Considered by Gartner to be a "megatrend" for 2008, VMware software is making its way into data centers of every size. Increasingly, this virtual infrastructure software is being tapped by organizations to increase the efficiency and cost-effectiveness of their IT operations. Gartner also sees virtual technologies improving IT resource utilization and increasing the flexibility needed to adapt to changing requirements and workloads.
But the use of virtual technologies also raises new data protection issues. For example, what are the best solutions for protecting virtual machines? Is "on-host" backup to be preferred to "off-host"?
This article looks at different backup configurations in some detail. It also explores the importance of data deduplication in meeting today’s evolving backup and recovery requirements.
Data protection is an area where virtualization has radically changed the backup paradigm. Standard backup technologies that have been used for years do not translate well into the virtual world.
Basically, there are three backup types associated with VMware: 1) backing up via a client inside each virtual machine; 2) backing up via a client inside the VMware Service Console; and 3) an off-host technology based on VMware Consolidated Backup. Let’s consider each configuration.
- Backup client inside each virtual machine: In spite of the virtualization technologies involved, virtual machines (VMs) are complete operating system installations hosted on virtualized hardware. These installations can be backed up using the same basic techniques as their physical counterparts – with a backup client inside the Guest OS. Running a client inside the VM is supported. Standard OS support rules apply. Backing up a VM in this way is essentially like backing up a physical machine.
- Backup client inside the VMware Service Console: This could be considered an off-host backup technology in the sense that no backup software is installed inside the virtual machine. Installing the client inside the Service Console gives direct access to the files that make up the VMs – the vmdk files. This method is easiest to implement if the virtual machines are powered off. In this state, the virtual machines are static and unchanging. If the VMs are powered on, additional pre-backup processing or scripting would be recommended to ensure that the VMs are in a consistent state during backup operations. Implementing this would involve using the host ESX Server's built-in snapshot functionality
- Off-host using snapshot client: With the introduction of VMware Virtual Infrastructure 3 (VI3), off-host backups of virtual machines are now possible. Frequent backups with minimal impact on the host ESX server are the Holy Grail of ESX server backups. The enabling technology for this is VMware Consolidated Backup (VCB). Part of VI3, VCB orchestrates the virtual machine snapshot and transfer to the off-host client. The advantage of off-host backups is that the impact of backup processing on the ESX server and hosted virtual machines is significantly reduced. This allows for more frequent backups. VCB provides the ability to backup the underlying virtual machine vmdk files.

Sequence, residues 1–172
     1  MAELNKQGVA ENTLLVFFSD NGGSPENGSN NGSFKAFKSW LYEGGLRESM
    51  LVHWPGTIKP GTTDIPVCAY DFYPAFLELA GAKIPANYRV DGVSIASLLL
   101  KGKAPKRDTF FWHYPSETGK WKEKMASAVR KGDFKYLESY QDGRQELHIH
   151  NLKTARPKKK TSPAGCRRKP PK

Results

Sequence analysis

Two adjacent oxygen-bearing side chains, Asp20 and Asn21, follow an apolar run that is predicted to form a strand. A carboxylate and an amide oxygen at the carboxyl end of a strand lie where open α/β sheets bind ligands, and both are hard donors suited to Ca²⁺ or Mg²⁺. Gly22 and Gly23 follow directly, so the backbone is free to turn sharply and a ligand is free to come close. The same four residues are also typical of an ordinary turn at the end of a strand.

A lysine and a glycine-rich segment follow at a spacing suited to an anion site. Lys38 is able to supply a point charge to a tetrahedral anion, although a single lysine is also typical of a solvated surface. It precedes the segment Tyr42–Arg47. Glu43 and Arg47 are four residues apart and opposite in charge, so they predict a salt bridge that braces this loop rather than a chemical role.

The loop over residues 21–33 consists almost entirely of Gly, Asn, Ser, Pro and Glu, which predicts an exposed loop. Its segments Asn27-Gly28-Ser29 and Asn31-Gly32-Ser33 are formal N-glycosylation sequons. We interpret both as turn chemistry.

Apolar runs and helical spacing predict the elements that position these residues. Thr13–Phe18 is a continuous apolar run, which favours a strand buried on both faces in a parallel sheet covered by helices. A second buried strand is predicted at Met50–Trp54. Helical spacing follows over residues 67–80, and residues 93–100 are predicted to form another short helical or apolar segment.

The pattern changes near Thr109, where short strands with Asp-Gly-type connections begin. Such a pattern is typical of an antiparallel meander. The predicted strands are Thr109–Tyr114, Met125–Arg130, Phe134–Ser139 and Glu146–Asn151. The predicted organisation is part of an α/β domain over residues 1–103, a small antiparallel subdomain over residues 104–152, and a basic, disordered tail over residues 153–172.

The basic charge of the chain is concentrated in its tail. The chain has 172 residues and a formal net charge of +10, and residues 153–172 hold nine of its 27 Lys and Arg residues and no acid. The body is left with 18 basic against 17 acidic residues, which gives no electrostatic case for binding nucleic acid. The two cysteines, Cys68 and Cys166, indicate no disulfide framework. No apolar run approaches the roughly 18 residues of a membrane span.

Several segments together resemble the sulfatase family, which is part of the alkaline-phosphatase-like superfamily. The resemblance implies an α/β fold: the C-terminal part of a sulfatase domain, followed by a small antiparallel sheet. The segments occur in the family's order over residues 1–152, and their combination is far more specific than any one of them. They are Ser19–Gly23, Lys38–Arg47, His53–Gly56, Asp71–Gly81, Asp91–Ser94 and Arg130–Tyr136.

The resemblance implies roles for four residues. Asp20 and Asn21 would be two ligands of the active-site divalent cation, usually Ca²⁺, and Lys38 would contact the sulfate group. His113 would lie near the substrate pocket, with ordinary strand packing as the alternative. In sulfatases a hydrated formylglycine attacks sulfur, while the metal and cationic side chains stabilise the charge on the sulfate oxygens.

Some backup solutions either back up only at the vmdk (entire virtual machine) level or require two backup passes to be able to perform single OS file restores as well as vmdk restores. Generally speaking, most organizations will want to keep their options open when bad things occur. For example, if a virtual machine is infected with a virus or inadvertently damaged due to user error, a single file restore is of little use. The entire virtual machine needs to be restored. But if a user needs to recover a single deleted file (the most common type of restore operation), restoring the entire virtual machine is overkill and requires downtime.
The solution, of course, is to make possible either type of restore – single file or vmdk (entire virtual machine) restore while retaining the performance advantages of an off-host backup and a single backup pass.
For many enterprises today, continuous data growth rates of 30% to 50% per year are placing a terrific strain on the backup process. In most cases, available network bandwidth just can't keep pace with data growth. Meeting backup windows continues to be a challenge, not only in the data center but beyond it as well.
Given such an environment, it's no surprise that enterprises are increasingly exploring disk-based backup solutions that reduce the size of backups (and the network bandwidth required to perform them) by using data deduplication technology. Data deduplication technology allows customers to cost-effectively substitute disk for tape-based backups.
In general, data deduplication involves looking for redundant instances of backup data at a sub-file or block level across all backup data and all locations, thereby allowing companies to reduce the amount of storage needed for backups. Data deduplication technology can also enhance disaster recovery by reducing the bandwidth needed to transmit large volumes of data between different sites.
Symantec estimates that data deduplication deployed across the data center, virtual environment, and remote offices can reduce network bandwidth required for daily full
backups by up to 500 times, and reduce total storage consumed from backups by 10 to 50 times.
VMware virtual infrastructure software is being used by enterprises large and small to increase the efficiency and cost-effectiveness of their IT operations. But as innovative as virtual machine technology is, it also introduces new data protection issues. Organizations embracing VMware virtualization technologies are strongly encouraged to consider solutions designed to provide enhanced backup and restore functionality specifically for VMware environments. At the same time, they should explore data deduplication technology for use in the virtual environment, data center, and remote offices.